Letter: Historical perspective
Underscoring Tip O’Neill’s classic observation that “all politics is local,” Chris Collins opines in his Valentine’s Day column that “Those who believe that the current Greenfield Town Council is in Albert Norman’s back pocket got a big piece of ammunition this week.” He then reports that the “sprawl-buster” made “a series of revisions” to a draft version of the Greenfield Conservation Commission’s wetlands protection ordinance.
Collins’ statement lacks historical context. A little research reveals that if you go back three years in time when the Planning Board had finished its deliberations on the French King Highway big box store, all that remained was to write up its decision on granting a special permit. That task included the “participation” of the developer Ceruzzi Inc. of Fairfield, Conn.
In the spring of 2011, Ceruzzi’s Boston lawyers submitted a decision of more than 20 pages that they wrote to the town’s planner, who then presented it to the Planning Board as a town-produced document. The PB reviewed Ceruzzi’s draft, made some minor edits and then voted to approve it.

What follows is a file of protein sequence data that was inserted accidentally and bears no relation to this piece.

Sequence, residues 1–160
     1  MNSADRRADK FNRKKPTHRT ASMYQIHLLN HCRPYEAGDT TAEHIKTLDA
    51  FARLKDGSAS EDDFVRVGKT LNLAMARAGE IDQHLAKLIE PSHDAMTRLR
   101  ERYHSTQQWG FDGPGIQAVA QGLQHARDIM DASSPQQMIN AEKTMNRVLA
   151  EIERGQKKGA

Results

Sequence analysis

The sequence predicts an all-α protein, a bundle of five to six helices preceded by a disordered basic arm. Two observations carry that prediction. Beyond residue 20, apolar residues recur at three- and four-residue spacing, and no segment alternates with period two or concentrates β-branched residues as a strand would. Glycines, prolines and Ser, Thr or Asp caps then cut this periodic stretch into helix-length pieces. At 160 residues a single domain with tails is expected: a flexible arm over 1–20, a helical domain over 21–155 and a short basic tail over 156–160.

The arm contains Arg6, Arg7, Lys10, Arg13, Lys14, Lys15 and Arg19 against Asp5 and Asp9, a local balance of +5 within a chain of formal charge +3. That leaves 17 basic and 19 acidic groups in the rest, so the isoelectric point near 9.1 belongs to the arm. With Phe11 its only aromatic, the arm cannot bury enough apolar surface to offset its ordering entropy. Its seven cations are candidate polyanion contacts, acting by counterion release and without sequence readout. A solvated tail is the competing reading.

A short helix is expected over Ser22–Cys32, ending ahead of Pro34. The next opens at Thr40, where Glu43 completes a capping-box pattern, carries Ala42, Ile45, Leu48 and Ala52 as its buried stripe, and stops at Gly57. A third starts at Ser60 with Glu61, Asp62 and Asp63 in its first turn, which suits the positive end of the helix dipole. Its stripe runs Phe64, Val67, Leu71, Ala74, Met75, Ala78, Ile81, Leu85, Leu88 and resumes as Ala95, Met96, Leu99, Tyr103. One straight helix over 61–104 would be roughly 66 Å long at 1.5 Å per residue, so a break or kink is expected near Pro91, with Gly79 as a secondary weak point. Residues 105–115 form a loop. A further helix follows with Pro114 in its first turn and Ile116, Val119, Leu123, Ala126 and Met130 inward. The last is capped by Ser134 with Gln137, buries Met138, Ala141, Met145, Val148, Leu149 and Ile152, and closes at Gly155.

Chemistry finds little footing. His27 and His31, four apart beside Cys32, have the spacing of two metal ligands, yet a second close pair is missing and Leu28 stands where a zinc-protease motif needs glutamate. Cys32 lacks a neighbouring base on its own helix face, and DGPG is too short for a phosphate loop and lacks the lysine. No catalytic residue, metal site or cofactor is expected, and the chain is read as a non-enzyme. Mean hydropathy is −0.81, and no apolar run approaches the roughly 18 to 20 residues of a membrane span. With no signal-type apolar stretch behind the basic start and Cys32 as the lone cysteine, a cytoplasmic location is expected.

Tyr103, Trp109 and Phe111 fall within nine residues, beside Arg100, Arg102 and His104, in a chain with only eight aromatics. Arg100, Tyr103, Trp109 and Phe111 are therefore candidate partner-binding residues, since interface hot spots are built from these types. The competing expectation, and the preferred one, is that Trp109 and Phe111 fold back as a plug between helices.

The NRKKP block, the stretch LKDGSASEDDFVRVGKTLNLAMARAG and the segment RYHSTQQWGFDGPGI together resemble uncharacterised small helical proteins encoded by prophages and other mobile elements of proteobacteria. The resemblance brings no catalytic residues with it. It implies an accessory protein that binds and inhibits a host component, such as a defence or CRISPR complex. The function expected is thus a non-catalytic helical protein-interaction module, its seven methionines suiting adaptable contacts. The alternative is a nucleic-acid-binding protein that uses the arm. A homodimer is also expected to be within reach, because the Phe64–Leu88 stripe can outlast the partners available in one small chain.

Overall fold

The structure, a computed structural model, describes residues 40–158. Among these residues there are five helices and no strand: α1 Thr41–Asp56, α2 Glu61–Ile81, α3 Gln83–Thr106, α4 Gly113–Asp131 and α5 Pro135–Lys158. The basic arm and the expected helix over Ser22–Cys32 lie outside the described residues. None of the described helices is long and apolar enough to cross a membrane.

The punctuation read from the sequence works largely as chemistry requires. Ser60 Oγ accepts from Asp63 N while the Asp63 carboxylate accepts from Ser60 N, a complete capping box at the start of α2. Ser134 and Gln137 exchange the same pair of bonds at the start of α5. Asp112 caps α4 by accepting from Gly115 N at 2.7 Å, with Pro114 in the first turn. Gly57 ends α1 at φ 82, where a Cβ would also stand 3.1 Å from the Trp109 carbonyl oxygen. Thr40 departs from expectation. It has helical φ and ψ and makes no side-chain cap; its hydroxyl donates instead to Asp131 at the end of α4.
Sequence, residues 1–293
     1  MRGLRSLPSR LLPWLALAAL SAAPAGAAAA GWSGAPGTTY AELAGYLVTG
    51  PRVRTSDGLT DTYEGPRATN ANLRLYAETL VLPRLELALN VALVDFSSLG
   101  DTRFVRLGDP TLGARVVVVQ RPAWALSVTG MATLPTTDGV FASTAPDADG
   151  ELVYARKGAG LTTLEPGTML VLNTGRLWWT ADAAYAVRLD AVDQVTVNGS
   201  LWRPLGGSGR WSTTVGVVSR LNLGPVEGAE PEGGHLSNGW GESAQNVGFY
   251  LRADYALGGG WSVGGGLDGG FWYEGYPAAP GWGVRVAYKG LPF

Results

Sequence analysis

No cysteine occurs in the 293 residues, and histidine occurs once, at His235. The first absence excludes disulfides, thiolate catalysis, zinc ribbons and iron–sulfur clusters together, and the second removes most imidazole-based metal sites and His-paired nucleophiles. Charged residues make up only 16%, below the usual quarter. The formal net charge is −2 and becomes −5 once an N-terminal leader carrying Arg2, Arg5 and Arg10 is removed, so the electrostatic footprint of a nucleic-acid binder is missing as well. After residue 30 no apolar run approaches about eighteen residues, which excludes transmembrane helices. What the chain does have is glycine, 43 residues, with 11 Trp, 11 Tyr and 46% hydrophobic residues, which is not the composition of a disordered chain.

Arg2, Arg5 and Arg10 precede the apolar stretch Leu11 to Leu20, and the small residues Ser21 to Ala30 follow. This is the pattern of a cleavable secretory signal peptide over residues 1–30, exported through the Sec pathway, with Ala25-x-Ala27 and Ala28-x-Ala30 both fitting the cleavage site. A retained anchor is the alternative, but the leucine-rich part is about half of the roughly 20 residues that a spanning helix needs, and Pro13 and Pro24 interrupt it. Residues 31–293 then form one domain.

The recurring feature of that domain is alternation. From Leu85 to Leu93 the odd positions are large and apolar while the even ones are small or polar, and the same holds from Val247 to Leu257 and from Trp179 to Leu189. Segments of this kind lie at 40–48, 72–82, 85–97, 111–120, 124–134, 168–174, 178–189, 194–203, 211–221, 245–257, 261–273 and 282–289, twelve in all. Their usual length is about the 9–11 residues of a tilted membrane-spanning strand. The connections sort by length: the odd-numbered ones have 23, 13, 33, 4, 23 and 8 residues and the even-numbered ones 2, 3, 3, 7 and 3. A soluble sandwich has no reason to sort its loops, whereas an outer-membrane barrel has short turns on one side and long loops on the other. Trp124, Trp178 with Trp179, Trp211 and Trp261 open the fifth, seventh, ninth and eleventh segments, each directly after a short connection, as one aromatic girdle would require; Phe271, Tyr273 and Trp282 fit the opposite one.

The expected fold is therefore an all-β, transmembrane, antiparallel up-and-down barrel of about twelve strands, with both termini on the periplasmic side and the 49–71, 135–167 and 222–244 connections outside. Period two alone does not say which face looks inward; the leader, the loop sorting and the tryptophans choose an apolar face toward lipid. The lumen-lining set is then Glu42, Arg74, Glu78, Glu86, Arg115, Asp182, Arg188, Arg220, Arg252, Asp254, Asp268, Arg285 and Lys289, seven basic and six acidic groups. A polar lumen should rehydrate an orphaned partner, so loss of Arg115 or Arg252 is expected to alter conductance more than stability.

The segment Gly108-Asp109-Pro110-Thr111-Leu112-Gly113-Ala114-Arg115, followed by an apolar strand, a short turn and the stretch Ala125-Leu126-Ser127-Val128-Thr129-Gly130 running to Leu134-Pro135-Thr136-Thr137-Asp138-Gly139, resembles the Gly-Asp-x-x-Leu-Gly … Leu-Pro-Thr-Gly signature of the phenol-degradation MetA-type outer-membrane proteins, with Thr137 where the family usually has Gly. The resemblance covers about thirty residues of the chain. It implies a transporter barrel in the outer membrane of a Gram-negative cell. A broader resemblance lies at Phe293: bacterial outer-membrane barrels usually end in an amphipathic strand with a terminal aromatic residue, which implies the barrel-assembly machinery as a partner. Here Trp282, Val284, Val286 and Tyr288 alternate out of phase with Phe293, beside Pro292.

In essence, Ceruzzi wrote its own permit conditions. Those who believed that the Greenfield Town Council was in Ceruzzi’s back pocket three years ago got a big piece of ammunition when learning that the developer was able to shape the conditions of its own “special permit.”
The wetlands ordinance under review on which Mr. Norman submitted his own comments pales in comparison to the weight the special permit has in whatever the final determination the town finally arrives at about permitting a big box store.